But what can you actually learn at a hackathon? A new programming language, an application or the so-called digital skills? Think tanks and consultancies have repeatedly pointed out in recent years that the digital transformation makes it necessary for us to have more people with technological skills. In a report by McKinsey & Company (2018) on the future of work in Switzerland, they say that the need for technological, social and emotional skills will increase sharply, whereas physical or manual skills will decline. Technological skills include IT and programming skills, technology design and engineering, data analysis and mathematical skills, and basic digital skills (p. 48). Social and emotional skills include: Self-direction skills, communication and negotiation skills, passing on knowledge to others, showing initiative, adaptability and empathy (p.48). This division into technological, social and emotional skills sounds plausible at first. On closer inspection, however, it reproduces the silo thinking of a working world of the last centuries, in which technology was primarily relevant for technicians and social skills primarily for social scientists. In today’s digitalised – i.e. strongly networked and interdisciplinary – working world, it makes sense to rethink this conventional demarcation of skills.

Digital skills at the hackathon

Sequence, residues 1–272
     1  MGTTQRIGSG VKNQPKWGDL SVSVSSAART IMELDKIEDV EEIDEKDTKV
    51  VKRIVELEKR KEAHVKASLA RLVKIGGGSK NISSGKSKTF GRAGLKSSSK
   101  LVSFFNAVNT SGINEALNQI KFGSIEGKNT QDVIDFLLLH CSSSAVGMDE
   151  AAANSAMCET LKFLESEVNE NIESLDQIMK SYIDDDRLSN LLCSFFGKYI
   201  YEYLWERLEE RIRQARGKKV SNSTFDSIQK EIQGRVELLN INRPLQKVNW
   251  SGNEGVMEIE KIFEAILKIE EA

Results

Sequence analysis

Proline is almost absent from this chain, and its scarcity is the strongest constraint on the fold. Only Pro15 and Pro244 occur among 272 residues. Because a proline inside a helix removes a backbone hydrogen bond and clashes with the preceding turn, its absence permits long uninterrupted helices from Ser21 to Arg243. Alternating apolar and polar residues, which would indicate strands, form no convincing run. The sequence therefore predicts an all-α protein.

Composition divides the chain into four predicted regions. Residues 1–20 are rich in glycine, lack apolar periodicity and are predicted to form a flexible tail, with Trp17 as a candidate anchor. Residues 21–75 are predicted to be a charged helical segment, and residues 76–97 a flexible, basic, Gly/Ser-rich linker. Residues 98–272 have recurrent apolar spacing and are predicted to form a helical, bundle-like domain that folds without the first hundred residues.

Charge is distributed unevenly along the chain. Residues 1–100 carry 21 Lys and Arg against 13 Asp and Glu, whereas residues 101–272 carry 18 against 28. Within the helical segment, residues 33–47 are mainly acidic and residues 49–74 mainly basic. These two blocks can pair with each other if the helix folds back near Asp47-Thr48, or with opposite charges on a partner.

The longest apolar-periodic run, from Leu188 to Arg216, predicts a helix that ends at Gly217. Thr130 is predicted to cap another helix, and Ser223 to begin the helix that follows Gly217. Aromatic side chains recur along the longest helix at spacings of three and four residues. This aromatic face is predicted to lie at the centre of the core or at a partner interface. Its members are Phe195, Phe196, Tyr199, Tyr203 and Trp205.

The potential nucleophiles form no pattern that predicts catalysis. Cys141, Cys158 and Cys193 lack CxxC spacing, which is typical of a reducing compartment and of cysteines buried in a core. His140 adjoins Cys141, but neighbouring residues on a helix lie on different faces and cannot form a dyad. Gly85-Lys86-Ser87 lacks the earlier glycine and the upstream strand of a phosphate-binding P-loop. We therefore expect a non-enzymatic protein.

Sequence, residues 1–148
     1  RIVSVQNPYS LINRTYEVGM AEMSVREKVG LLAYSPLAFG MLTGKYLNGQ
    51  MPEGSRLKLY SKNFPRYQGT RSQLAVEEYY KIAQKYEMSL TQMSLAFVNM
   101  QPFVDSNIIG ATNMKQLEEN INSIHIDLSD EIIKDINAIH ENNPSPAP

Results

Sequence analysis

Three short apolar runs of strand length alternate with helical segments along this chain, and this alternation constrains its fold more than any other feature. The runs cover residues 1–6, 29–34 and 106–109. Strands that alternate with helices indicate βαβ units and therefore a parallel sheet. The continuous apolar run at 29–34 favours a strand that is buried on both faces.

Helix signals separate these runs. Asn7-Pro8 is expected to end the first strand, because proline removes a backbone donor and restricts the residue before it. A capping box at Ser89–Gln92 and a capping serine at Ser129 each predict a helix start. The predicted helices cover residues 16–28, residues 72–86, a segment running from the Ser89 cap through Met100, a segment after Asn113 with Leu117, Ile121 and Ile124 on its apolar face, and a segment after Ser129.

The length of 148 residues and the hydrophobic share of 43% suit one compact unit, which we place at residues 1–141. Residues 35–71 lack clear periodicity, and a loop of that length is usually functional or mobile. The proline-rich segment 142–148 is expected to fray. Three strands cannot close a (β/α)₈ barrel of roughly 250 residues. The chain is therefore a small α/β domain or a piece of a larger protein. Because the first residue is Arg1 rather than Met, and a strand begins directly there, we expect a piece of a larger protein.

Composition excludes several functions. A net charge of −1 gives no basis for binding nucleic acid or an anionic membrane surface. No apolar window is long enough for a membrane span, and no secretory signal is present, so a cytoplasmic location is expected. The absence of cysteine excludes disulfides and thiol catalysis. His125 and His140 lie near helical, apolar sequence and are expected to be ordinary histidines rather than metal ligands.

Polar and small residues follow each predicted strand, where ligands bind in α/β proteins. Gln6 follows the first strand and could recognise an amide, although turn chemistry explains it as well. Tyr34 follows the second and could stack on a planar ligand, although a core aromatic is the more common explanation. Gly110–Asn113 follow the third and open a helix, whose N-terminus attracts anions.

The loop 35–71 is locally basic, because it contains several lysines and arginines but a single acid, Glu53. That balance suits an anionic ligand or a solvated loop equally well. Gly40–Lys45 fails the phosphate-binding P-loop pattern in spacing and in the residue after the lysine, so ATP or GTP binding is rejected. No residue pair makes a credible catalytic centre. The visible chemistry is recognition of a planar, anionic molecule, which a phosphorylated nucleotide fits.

Let’s return to the Bärn-häckt hackathon. What could be observed here during 48 hours are obviously technological skills: People develop and programme, analyse data and write codes. At the same time, it is noticeable that these technical skills are used to varying degrees: There are some participants who already despair when they encounter small problems, while others are motivated to look for a new solution when they encounter larger difficulties. There is a team with a technical expert who passes on his knowledge, whereby the whole team finds a better solution. Or there are teams in which the technical expertise is limited, but which, through a particularly good communication concept and a humorous pitch on the last day, goes down especially well with the audience. Emotional self-regulation (considering exhaustion, irritability, euphoria) is just as present as intentional behaviour and both are directly related to technical expertise. These observations suggest that the concept of digital skills is not only about cognitive/technical skills but is closely linked to social and emotional skills.